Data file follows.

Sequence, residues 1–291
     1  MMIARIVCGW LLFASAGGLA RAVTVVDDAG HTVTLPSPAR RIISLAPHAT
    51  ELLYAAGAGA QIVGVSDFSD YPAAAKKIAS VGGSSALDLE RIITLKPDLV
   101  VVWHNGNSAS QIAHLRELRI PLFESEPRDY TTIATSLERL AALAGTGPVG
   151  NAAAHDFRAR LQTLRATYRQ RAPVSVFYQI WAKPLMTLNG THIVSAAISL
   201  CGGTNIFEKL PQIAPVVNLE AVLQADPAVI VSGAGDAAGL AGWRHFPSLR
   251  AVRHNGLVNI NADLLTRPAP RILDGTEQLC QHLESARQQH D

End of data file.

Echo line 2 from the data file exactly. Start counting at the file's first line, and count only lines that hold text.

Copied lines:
     1  MMIARIVCGW LLFASAGGLA RAVTVVDDAG HTVTLPSPAR RIISLAPHAT